The Message of Media

Whether you call yourself a tweeter or not, if you haven’t taken notice of the role of social media in society right now, it is time to get your head out of the sand and look around a little. I am not just referring to Facebook groups and blog posts, but to media in business markets as well. The world is watching as social unrest and a wave of violence rolls through Tunisia, Egypt, Libya, Yemen, and now England. Regimes struggle for power over increasing revolutionaries.

Culture is shaping the change as much as change is shaping the culture. What I mean is as social media lets organizations form and take action quickly and the information reaches a lot of people. Media narratives have been accused of adopting similar tones to the uprising. I watched Levi’s “Go Forth” video ad campaign before I found out it was canceled because its message was too similar to the violent London riots this week and could influence more rioting. I had to watch it again to see what all the fuss was about. I didn’t remember any violence or gang references in the video.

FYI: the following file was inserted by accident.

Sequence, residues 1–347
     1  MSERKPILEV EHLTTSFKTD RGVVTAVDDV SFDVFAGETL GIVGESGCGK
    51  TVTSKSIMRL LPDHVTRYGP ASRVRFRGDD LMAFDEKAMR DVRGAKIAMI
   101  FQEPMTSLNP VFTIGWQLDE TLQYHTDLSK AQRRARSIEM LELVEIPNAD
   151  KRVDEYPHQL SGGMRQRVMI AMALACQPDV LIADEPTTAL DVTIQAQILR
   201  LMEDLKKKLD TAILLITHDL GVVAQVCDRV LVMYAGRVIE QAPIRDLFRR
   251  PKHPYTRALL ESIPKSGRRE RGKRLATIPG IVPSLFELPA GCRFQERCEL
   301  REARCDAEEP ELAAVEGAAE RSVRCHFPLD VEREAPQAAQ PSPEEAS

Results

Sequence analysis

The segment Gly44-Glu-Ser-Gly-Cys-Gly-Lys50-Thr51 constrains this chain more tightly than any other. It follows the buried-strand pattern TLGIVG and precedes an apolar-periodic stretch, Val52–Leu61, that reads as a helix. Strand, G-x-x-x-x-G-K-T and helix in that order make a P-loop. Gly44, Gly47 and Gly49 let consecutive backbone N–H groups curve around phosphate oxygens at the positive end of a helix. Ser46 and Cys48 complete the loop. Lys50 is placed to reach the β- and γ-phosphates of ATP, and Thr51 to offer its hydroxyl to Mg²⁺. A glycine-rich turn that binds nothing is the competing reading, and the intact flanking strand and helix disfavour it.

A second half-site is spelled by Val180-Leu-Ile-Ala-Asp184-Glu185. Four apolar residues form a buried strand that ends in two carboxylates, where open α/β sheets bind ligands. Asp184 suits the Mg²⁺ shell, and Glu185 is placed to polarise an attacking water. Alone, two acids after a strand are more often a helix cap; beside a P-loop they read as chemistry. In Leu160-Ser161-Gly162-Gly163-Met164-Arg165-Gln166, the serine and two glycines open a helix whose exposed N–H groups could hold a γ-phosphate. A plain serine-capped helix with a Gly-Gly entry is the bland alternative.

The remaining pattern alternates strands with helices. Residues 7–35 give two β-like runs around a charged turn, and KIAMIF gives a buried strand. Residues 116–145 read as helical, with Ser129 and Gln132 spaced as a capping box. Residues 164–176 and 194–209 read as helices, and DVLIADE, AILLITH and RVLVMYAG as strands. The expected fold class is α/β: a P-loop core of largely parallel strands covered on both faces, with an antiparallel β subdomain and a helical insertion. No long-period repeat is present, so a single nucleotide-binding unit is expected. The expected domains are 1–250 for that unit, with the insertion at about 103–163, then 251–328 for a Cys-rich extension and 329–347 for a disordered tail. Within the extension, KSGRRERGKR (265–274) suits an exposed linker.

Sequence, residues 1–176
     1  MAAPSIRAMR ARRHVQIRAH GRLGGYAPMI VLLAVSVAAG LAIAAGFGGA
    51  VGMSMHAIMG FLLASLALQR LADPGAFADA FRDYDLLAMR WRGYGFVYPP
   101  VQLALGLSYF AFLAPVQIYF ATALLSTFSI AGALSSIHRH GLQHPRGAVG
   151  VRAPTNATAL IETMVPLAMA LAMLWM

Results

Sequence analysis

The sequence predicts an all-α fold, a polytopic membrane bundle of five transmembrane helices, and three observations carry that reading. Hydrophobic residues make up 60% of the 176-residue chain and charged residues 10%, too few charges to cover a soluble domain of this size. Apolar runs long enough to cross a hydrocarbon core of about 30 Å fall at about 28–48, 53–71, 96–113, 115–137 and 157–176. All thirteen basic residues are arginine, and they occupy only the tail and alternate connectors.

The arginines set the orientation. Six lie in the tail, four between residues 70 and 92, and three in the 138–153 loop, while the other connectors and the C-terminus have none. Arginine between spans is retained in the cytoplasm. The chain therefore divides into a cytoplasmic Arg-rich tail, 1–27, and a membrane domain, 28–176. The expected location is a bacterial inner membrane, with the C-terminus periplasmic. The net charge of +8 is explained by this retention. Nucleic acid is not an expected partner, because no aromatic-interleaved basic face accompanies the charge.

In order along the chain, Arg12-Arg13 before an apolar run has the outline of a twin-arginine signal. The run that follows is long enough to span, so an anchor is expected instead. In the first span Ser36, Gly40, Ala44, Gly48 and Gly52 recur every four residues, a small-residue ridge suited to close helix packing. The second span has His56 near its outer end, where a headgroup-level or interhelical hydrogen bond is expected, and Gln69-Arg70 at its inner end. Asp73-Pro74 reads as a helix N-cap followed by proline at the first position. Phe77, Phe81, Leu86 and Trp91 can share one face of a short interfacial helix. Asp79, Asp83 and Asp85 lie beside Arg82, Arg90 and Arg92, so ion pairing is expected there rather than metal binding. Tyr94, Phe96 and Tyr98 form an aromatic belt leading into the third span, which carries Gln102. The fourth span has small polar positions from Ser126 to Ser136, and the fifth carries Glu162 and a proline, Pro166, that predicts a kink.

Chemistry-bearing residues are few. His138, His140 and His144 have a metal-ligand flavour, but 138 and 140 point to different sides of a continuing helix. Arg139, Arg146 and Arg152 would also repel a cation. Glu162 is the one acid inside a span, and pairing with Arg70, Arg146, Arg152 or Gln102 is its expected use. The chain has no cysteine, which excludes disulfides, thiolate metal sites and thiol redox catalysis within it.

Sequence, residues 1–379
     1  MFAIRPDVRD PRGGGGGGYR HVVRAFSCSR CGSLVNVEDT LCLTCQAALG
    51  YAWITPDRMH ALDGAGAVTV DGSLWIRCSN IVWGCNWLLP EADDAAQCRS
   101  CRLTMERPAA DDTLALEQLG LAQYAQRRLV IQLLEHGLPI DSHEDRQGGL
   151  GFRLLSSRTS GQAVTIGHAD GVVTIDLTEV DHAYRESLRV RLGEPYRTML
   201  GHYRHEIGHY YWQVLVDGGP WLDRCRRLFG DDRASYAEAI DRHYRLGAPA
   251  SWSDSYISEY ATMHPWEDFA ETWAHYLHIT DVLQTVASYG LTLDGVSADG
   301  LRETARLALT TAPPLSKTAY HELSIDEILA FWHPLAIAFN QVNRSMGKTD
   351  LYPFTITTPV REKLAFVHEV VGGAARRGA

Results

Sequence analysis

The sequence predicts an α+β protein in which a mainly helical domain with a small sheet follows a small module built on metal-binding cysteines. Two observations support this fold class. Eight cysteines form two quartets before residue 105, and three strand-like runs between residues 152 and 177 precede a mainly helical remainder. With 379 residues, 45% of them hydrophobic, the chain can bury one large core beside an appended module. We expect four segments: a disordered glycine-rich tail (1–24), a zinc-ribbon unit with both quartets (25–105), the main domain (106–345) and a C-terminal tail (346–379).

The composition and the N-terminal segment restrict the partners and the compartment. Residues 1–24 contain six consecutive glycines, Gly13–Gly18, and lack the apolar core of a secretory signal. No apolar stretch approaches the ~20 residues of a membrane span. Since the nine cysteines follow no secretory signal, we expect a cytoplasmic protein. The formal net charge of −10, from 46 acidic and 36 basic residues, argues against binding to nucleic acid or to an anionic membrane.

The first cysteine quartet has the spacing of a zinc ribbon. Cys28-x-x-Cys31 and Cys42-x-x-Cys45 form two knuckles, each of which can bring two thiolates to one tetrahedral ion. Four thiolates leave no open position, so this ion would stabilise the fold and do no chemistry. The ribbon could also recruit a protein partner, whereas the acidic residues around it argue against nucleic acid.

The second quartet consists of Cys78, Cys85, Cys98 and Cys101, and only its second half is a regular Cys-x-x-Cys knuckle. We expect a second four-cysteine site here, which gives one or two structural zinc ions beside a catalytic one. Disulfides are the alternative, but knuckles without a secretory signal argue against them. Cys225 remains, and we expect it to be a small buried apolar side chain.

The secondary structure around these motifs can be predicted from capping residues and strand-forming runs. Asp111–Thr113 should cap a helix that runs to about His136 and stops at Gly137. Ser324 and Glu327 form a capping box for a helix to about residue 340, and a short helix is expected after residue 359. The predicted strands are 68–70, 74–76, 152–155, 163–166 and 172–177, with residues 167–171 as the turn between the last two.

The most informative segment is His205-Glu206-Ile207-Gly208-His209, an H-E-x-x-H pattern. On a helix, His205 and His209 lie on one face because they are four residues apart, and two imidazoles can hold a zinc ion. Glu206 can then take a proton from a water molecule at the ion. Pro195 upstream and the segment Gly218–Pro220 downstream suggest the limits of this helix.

A spokesman for Levi’s, in defense of the campaign ad, said it was not about specific political events, but meant to inspire “optimism, positive action and a pioneering spirit” in the world. How similar is the video to reality? The voiceover is Charles Bukowski’s poem, The Laughing Heart, which is about living—not destroying. It’s about taking chances—not taking power.

On the other hand, the ad’s audience targets young adults who have been the driving force in the recent uprisings. And while it may seem trivial, media has an uncompromising influence on the youth.

Or perhaps, the criticisms were out of elitism fear of social changes. A Vanity Fair article on inequality that I read for a class recently reflects on the implications of the oppressed protests and its possible spread to other countries with widening gaps between the poor and wealthy. Perhaps the censoring of media is to maintain things the way they are, and we should stand up for change. Is media influencing us enough to take to the streets?

Watch it for yourself.

1 comment about "The Message of Media".
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  1. Joe Huber from Ball State, September 26, 2011 at 8:17 a.m.

    People are undoubtedly over reacting to way too much. Violence is not more prominent, but the coverage of it sure is...

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